[synopsis] => On Monday morning, October 2, 2006, a gunman entered a one-room  Amish school in Nickel Mines, Pennsylvania. In front of twenty-five  horrified pupils, thirty-two-year-old Charles Roberts ordered the  boys and the teacher to leave. After tying the legs of the ten  remaining girls, Roberts prepared to shoot them execution with an  automatic rifle and four hundred rounds of ammunition that he  brought for the task. The oldest hostage, a thirteen-year-old,  begged Roberts to "shoot me first and let the little ones go."  Refusing her offer, he opened fire on all of them, killing five and  leaving the others critically wounded. He then shot himself as  police stormed the building. His motivation? "I'm angry at God for  taking my little daughter," he told the children before the  massacre.   The story captured the attention of broadcast and print media in  the United States and around the world. By Tuesday morning some  fifty television crews had clogged the small village of Nickel  Mines, staying for five days until the killer and the killed were  buried. The blood was barely dry on the schoolhouse floor when  Amish parents brought words of forgiveness to the family of the one  who had slain their children.  The outside world was incredulous that such forgiveness could be  offered so quickly for such a heinous crime. Of the hundreds of  media queries that the authors received about the shooting,  questions about forgiveness rose to the top. Forgiveness, in fact,  eclipsed the tragic story, trumping the violence and arresting the  world's attention.  Within a week of the murders, Amish forgiveness was a central  theme in more than 2,400 news stories around the world. The  Washington Post, The New York Times, USA Today, Newsweek, NBC  Nightly News, CBS Morning News, Larry King Live, Fox News, Oprah,  and dozens of other media outlets heralded the forgiving Amish.  From the Khaleej Times (United Arab Emirates) to Australian  television, international media were opining on Amish forgiveness.  Three weeks after the shooting, "Amish forgiveness" had appeared in  2,900 news stories worldwide and on 534,000 web sites.  Fresh from the funerals where they had buried their own  children, grieving Amish families accounted for half of the  seventy-five people who attended the killer's burial. Roberts'  widow was deeply moved by their presence as Amish families greeted  her and her three children. The forgiveness went beyond talk and  graveside presence: the Amish also supported a fund for the  shooter's family.  AMISH GRACE explores the many questions this story raises about  the religious beliefs and habits that led the Amish to forgive so  quickly. It looks at the ties between forgiveness and membership in  a cloistered communal society and ask if Amish practices parallel  or diverge from other religious and secular notions of forgiveness.  It will also address the matter of why forgiveness became news.  "All the religions teach it," mused an observer, "but no one does  it like the Amish." Regardless of the cultural seedbed that  nourished this story, the surprising act of Amish forgiveness begs  for a deeper exploration. How could the Amish do this? What did  this act mean to them? And how might their witness prove useful to  the rest of us?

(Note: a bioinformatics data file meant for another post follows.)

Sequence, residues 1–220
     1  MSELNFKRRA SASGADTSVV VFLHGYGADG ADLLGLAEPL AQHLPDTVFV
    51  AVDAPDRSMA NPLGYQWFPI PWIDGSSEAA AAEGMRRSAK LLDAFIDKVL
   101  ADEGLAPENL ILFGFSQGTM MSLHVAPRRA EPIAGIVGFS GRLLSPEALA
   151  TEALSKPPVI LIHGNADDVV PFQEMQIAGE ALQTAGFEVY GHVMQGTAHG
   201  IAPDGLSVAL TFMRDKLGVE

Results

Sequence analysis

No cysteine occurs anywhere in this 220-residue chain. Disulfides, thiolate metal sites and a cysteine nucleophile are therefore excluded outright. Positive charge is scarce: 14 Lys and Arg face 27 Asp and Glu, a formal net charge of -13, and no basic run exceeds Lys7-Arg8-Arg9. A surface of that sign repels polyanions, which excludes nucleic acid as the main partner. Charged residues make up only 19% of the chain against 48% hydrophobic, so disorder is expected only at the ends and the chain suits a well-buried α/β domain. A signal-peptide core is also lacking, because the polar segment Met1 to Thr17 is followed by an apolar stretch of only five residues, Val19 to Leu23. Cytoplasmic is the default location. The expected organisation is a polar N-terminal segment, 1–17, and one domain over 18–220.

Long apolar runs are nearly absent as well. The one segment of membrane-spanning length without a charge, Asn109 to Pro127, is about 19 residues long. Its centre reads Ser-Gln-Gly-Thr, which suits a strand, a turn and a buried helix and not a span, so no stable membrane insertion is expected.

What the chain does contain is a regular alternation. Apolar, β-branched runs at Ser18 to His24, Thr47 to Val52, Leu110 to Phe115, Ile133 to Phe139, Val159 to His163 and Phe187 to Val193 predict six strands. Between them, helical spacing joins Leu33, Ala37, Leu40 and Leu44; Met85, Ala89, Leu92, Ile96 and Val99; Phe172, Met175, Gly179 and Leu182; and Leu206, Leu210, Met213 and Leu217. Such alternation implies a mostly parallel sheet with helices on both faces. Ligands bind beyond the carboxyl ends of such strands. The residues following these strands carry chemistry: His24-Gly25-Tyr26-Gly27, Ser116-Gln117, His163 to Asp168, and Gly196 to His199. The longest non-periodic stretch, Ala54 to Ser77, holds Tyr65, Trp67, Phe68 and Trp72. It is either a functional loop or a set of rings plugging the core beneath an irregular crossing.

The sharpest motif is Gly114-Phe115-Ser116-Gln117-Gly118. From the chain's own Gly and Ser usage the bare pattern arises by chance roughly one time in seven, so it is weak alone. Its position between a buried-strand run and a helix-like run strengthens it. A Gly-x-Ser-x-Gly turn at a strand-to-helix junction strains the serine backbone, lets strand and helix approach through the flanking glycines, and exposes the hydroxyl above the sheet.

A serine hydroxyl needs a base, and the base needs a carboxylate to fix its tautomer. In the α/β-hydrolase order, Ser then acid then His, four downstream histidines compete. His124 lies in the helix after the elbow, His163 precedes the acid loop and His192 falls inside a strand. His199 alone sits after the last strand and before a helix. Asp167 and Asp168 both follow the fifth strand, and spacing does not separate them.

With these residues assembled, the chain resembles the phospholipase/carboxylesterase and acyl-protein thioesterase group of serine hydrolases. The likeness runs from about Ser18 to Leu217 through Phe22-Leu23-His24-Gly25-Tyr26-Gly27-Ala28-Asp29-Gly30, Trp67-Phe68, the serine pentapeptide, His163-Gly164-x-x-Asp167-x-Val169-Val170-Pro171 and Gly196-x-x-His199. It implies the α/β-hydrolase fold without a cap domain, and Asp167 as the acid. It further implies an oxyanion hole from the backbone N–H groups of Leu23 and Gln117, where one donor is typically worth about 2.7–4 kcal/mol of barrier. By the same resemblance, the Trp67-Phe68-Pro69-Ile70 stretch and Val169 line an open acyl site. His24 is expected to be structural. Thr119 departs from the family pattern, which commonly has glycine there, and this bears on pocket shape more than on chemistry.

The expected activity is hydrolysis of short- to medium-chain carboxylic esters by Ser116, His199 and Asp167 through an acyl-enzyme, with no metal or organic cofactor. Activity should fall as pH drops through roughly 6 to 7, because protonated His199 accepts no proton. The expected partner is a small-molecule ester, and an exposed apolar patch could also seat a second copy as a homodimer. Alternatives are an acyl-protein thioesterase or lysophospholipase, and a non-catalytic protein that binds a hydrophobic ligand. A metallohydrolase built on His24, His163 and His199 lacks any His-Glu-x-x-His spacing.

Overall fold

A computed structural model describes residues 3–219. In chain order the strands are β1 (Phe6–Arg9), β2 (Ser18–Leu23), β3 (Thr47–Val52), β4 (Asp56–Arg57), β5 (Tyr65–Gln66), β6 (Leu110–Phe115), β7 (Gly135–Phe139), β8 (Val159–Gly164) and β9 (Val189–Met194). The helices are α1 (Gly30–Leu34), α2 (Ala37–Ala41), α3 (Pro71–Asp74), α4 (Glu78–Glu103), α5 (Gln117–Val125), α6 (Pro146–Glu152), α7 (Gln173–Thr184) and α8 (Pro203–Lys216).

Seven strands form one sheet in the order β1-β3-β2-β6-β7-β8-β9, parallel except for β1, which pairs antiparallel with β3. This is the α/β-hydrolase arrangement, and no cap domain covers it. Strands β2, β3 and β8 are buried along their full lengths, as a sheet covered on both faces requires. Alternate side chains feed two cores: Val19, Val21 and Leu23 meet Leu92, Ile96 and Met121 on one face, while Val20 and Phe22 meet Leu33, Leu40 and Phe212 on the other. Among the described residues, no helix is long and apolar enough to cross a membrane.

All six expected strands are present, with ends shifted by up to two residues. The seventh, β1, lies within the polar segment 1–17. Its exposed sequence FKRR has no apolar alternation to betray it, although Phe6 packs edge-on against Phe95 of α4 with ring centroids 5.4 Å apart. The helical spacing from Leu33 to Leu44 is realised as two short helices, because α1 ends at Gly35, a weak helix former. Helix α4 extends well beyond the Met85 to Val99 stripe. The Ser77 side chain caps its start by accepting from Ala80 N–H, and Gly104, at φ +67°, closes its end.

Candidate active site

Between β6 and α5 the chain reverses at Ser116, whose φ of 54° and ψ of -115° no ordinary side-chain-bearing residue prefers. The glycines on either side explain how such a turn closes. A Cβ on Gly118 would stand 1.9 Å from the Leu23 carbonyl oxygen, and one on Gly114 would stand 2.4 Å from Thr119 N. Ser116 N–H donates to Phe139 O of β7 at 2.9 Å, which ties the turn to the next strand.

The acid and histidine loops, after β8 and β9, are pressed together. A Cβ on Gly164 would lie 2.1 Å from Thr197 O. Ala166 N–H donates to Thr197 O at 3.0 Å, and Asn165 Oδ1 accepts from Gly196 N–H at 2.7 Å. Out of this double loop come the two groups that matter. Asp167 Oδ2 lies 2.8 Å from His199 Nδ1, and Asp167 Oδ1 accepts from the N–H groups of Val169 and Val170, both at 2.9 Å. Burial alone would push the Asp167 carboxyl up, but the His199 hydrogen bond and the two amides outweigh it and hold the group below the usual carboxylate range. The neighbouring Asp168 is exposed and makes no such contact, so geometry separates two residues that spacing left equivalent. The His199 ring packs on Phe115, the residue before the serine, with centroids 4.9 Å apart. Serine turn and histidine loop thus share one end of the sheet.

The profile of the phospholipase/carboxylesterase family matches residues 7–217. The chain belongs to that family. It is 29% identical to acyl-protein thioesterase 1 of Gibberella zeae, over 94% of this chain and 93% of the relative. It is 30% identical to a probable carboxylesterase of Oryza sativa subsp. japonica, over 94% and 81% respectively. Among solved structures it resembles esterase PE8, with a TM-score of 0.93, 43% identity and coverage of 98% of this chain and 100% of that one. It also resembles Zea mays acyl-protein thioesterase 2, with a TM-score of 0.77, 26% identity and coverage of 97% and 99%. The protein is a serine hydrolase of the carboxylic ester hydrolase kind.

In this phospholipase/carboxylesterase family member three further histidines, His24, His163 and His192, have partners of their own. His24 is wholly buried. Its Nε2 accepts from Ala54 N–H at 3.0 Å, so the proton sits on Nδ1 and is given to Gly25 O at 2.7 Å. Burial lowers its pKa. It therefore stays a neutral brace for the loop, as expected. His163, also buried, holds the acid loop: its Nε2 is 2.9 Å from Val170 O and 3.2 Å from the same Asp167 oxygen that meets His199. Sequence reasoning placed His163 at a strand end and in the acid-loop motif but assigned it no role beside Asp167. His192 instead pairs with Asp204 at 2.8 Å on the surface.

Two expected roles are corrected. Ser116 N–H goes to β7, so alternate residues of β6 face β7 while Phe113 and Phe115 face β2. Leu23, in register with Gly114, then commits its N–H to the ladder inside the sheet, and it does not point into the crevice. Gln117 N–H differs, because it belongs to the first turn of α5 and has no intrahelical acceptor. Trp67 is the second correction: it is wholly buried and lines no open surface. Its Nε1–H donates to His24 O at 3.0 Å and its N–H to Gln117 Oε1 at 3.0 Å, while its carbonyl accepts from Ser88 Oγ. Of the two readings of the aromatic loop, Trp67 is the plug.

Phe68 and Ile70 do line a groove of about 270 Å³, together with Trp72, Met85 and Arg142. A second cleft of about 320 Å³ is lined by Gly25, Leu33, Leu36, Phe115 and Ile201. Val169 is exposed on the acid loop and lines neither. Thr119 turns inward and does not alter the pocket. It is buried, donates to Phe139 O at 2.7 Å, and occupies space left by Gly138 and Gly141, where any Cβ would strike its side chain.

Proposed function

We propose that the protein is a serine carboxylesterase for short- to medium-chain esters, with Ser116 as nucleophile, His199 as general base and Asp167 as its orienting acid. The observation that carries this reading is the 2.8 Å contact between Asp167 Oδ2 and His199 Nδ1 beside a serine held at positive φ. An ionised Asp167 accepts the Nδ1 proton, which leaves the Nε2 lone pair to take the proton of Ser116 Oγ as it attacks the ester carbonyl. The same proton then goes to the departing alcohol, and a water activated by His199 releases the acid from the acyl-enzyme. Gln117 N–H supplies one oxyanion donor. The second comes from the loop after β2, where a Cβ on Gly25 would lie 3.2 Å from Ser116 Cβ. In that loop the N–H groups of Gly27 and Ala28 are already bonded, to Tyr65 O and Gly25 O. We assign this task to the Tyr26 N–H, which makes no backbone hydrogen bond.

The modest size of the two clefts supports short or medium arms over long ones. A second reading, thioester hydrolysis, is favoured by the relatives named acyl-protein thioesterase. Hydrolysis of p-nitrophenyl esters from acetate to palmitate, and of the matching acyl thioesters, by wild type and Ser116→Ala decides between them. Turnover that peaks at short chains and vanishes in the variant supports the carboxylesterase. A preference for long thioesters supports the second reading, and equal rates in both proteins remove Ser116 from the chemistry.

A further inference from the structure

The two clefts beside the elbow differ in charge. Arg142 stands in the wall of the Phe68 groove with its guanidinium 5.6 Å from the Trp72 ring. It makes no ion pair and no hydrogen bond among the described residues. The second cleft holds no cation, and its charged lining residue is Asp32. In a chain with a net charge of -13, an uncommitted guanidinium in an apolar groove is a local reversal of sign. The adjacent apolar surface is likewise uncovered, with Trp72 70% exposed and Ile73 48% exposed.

[url] =>
    [pa] => 
    [subtitle] => How Forgiveness Transcended Tragedy
    [publisher] => Wiley
    [purchaseModel] => INSTANT